When it comes to selecting our favorite mainstream Windows laptops these days the HP Envy 14 is pretty much at the tippy top of the list. (Hey, we don't just give anything away to our college-bound readers, you know?) But while the 14-inch version of the magnesium-alloy laptop may have impressed us with its new backlit keyboard and internal organs, we've still been aching to know how the bigger and badder Core i7-powered Envy 17 stands up. With a 1920 x 1080-resolution 17.3-inch display, 1GB of ATI Mobility Radeon HD 5850 graphics, a USB 3.0 port and Blu-ray drive, can you really blame us? There's no doubt that the Envy 17 is one epic desktop replacement, but for $1,599 (the starting price is $1,299) we've got to tell you you're not purchasing perfection. Just what holds back the Envy 17 from being the be-all end-all multimedia monster? We'll divulge all in our full review after the break.
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HP Envy 17 review

HP

Envy 17

Pros

  • Beautiful, well-built chassis
  • Stunning 17.3-inch HD display
  • Seriously speedy performance / graphics

Cons

  • Touchpad is still annoying
  • Palmrest can get quite toasty
  • Heavier than other desktop replacements
Summary


Look and feel

Those familiar with the other Envy laptops won't find the 17 to be all that unique in terms of design, but that doesn't mean we're tired of the line's magnesium alloy chassis, etched lid, and aluminum edges. How could we possibly get sick of one of the best looking laptops out there? Like the Envy 14, the overall manufacturing quality is top notch -- the metal hinges keep the screen from wobbling and the metal palmrest feels solid to the bone.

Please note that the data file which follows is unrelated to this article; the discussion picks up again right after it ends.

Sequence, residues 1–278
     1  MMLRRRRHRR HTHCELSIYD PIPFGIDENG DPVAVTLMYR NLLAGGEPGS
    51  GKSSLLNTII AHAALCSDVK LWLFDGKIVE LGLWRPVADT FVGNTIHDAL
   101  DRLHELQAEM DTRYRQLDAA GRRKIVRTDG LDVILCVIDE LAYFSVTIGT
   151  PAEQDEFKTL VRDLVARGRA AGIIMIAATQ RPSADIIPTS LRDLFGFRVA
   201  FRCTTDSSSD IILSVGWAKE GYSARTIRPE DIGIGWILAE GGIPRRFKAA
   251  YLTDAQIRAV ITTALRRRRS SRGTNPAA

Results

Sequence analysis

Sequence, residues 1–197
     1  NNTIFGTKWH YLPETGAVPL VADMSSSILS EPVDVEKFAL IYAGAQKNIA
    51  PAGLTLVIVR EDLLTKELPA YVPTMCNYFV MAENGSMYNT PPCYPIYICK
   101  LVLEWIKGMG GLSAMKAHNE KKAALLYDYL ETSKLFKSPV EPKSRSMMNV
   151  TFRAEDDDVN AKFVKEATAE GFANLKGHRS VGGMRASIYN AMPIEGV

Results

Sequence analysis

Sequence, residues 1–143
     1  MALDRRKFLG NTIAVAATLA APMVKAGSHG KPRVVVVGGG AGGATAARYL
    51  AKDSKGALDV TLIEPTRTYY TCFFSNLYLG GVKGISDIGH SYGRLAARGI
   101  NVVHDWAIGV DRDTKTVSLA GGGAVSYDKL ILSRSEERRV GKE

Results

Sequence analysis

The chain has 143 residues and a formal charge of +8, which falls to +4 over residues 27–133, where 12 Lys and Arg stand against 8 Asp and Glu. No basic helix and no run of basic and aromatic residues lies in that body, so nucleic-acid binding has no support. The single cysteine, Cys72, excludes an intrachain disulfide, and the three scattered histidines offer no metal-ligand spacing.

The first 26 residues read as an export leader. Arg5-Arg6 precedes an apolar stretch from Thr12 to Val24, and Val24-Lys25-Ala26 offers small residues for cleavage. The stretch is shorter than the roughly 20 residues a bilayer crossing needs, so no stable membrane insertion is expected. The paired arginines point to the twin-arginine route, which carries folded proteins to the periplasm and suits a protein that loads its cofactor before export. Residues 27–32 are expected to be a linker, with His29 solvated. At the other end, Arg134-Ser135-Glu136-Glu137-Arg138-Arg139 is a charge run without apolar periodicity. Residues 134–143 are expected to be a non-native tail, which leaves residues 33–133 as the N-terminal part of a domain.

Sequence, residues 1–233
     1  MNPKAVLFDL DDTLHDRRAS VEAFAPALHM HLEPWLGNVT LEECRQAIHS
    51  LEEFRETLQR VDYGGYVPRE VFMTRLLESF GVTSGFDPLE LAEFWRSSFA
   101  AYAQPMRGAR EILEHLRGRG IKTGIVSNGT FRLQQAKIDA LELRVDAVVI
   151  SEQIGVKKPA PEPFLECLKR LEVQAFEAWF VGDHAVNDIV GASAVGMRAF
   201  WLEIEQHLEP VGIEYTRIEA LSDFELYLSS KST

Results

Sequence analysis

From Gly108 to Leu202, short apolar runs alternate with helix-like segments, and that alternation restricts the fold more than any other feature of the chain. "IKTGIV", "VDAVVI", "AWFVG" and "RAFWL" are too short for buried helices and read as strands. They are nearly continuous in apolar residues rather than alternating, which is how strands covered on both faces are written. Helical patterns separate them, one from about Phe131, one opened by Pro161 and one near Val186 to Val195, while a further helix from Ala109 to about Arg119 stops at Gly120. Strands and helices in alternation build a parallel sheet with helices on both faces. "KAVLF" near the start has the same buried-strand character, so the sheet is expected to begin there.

Sure, the Envy 17 has the same look and feel as its smaller 14-inch brother, but it could also eat the 14 for breakfast in terms of size. The laptop's 17.3-inch display is stunning and provides a ton of screen real estate (we'll get back to that soon), but it also makes it a mother of a system in terms of pure measurements. Like most desktop replacements, we suggest keeping the 10.8 x 16.4x 1.5-inch / 7.5-pound machine under one roof -- we dragged it and its 1.5-pound power brick home from the office and our shoulder sure wasn't happy about it. If you're looking for a thinner and lighter 17-incher, the 6.6-pound MacBook Pro 17 is definitely trimmer, but most others hover around the same size as the Envy.

The extra edge space makes for a whopping array of ports -- the left side is home to VGA, Ethernet, Mini DisplayPort and HDMI ports along with a combo eSATA / USB 2.0 socket, an even faster USB 3.0 port and two headphone ports. Two additional USB 2.0 ports live on the right edge along with the system's 5-in-1 card reader and slot-loading Blu-ray drive. That should be enough to keep all your peripherals powered at the same time, or you know, power three monitors simultaneously (thanks Eyefinity!).

Keyboard, touchpad, screen

The Envy 17's wide chiclet keyboard has been kept intact and still has a dedicated number pad. As we said in our review of the Envy 14, the keys have a bit of a rubber feel to them and just the right amount of bounce. We typed the entirety of this review on the panel at a very brisk pace with very few typos. The major addition to the panel is obviously the backlight, which can be turned on and off, but not adjusted like on the MacBook Pro line.

Here's a shocker: we're not fans of the 17's touchpad. Come on, you're not surprised are you? HP's still using the enlarged ClickPad on the Envy 17, and we actually found it to be more frustrating to use on this version than on the Envy 14 -- even after we updated to latest drivers. If our finger slipped over the left mouse button line, it would cause the cursor to jump to another part of the screen, and at times we'd notice the mouse just not moving when we told it to. Ultimately, the pad is large and smooth, but we wish at this point HP would just go back to using a regular touchpad with dedicated right and left buttons. Was there really anything wrong with those? As for the multitouch gestures, pinch-to-zoom was responsive in most applications, but scrolling is still a crapshoot.